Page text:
An MQ-4C Triton taxis on a runway at Andersen Air Force Base, Guam, April 4, 2020.

An MQ-4C Triton taxis on a runway at Andersen Air Force Base, Guam, April 4, 2020. (Michael Murphy/U.S. Air Force)

Two Navy unmanned surveillance aircraft are back on Guam after wrapping up their debut deployment to Japan.

The MQ-4C Tritons recently returned to Andersen Air Force Base, according to a news release Wednesday from Indo-Pacific Command. The drones arrived May 15 at Misawa Air Base in northeastern Japan and departed for Guam on Oct. 12, according to an email from U.S. Naval Forces Japan spokeswoman Cmdr. Katie Cerezo on Thursday.

Naval Forces Japan and Misawa Air Base directed all questions about the Tritons’ deployment to Naval Air Systems Command, which did not respond to an email from Stars and Stripes.

Assigned to Unmanned Patrol Squadron 19 at Naval Air Station Jacksonville, Fla., the Tritons were accompanied by approximately 80 personnel, including four pilots. The pilots launch the Tritons before handing control over to Jacksonville.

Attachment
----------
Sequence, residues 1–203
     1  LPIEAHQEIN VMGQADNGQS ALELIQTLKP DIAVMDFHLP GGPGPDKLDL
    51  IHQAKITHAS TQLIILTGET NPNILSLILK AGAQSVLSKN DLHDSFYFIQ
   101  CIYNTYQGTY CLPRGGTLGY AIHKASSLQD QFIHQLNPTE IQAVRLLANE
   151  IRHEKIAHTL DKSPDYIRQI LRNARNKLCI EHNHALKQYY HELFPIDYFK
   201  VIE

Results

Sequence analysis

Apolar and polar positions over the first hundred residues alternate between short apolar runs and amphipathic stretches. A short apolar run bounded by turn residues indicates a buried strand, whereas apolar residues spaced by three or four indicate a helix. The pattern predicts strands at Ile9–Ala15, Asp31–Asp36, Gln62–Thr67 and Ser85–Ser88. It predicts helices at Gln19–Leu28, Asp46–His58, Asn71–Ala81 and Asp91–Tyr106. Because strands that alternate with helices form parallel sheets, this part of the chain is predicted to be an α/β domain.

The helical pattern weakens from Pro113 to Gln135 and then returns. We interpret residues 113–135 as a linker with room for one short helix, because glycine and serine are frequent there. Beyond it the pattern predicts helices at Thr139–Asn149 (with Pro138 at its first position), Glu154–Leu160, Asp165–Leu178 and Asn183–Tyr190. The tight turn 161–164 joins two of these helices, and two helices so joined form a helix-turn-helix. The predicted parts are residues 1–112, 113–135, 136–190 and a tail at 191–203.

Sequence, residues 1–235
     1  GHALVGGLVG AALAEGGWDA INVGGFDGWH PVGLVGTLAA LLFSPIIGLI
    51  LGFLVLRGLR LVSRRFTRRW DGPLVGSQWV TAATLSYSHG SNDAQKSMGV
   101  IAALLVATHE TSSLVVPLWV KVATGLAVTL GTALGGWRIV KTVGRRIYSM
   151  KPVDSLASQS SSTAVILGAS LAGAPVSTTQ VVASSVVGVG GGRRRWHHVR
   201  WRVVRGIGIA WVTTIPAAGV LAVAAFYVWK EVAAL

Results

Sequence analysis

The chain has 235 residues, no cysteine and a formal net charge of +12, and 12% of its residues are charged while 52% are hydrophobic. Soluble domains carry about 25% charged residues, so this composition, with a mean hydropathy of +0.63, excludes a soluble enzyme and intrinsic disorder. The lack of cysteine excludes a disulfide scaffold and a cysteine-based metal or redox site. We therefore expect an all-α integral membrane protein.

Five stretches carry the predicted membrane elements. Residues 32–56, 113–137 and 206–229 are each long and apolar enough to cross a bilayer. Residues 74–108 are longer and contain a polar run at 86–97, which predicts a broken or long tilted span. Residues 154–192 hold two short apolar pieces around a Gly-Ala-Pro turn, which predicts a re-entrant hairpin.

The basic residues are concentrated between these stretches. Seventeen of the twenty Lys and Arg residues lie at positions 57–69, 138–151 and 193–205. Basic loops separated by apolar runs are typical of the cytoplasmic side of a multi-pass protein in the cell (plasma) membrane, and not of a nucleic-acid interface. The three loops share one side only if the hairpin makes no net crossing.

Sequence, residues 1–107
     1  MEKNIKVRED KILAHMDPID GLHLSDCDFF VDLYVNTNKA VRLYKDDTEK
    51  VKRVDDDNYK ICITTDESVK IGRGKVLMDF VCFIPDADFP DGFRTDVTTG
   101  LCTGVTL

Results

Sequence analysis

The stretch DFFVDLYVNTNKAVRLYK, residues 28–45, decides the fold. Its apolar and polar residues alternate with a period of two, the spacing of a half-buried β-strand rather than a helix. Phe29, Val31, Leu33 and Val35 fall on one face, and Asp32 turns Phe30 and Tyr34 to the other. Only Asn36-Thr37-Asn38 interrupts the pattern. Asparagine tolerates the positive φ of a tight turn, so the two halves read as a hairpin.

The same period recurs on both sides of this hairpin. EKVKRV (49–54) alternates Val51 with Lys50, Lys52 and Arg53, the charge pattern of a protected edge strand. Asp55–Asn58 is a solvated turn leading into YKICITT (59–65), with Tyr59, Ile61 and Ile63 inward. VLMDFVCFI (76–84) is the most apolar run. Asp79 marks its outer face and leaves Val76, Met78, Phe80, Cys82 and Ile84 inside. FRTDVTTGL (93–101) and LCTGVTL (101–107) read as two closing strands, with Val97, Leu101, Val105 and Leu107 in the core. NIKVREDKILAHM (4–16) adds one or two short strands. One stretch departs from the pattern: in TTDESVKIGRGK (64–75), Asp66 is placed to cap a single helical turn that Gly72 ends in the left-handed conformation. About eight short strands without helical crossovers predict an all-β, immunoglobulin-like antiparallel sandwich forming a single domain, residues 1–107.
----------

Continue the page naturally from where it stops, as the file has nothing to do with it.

During its first three months in Misawa, one Triton flew approximately 20 missions, a drone pilot told Stars and Stripes in August.

Similar to the Air Force’s RQ-4 Global Hawks, the Triton is designed for maritime surveillance rather than terrestrial scouting.

“It provides high-resolution, all-weather imagery across large geographic areas, which offers an important capability in support of the Japan-U.S. alliance,” Cerezo said in August.

The aircraft also complement the capabilities of the P-8A Poseidon surveillance planes, according to the Navy.

The Tritons will continue to operate from Andersen to “provide maritime surveillance and persistent intelligence” to the 7th Fleet, according to the Navy.

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